In the afternoon we had a session with Erica to talk about the Measure for Measure scene that caused such a debate the day before. We spent a lot of time talking and debating the scene and the way characters were feeling. We also had the chance to unpick the characters motivation and the way we would talk the text. We then put it on its feet and looked at the use of space and how the characters use this space to create the emotion.

The last session of the day was an inspirational speech by Joanna Abeyie. She discussed her life and the choices she has made. She talked about how she came from a very difficult background and managed to make the right decisions and choices along the way. She talked about the power of being positive and that you had to take charge of the decisions you make. It was great to hear someone speak so passionately about what can be achieved and she was funny, energetic and an absolute pleasure to talk to. We loved the exercise when we talked about our motivation and what we want from our lives. Here are a few notes we made about the day:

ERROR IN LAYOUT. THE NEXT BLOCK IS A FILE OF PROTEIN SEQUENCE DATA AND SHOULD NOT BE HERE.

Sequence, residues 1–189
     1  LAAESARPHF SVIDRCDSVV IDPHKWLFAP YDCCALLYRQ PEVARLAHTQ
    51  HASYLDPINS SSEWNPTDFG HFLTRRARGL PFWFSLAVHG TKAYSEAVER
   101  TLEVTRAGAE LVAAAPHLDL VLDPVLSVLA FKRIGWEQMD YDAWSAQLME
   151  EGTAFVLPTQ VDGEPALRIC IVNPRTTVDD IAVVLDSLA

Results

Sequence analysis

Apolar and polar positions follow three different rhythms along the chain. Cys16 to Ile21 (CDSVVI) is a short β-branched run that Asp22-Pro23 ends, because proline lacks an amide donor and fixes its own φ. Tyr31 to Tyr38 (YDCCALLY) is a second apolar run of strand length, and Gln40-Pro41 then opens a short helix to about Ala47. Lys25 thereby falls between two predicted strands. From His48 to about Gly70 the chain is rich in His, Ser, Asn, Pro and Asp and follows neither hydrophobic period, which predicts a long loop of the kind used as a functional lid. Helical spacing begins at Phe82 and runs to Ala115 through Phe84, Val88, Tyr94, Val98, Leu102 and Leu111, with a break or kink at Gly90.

Things we learnt

  • Can’t/don’t give up, have to keep pushing, put the work in
  • Leadership – you have to be ok and happy with yourself, self love not just confidence
  • Ways to make actors pick up last words on lines – hitting the ground/clapping last word etc
  • Finding your own motivation – people have different ways to motivate themselves

Favourite parts J

  • Shakespeare Gym – language – Anna talking about the sonnets, knowledge, meanings of the words, acting through just text, importance of individual words
  • Measure for Measure debate – different perspectives, no right or wrong, no actual answers, emotive
  • Workshopping the scene from Hamlet – different, bonding with Intermission group
  • The whole day in general was great and we all really enjoyed it! J

Improving on

  • Ask more questions, be more inquisitive
  • Workshopping and directing things more
  • Insert yourself more

Next Generation Direct Day 1

On Monday 9th September we (Ashleigh, Janet, Amelia and Jade) went to the RSC in Stratford upon avon to start our journey with Next Generation Direct. We talked about our expectations on the drive to the RSC and we were excited, but nervous, about what the next 5 days would be about. We knew we would be meeting actors, directors and professionals from the RSC and we were very excited to do so.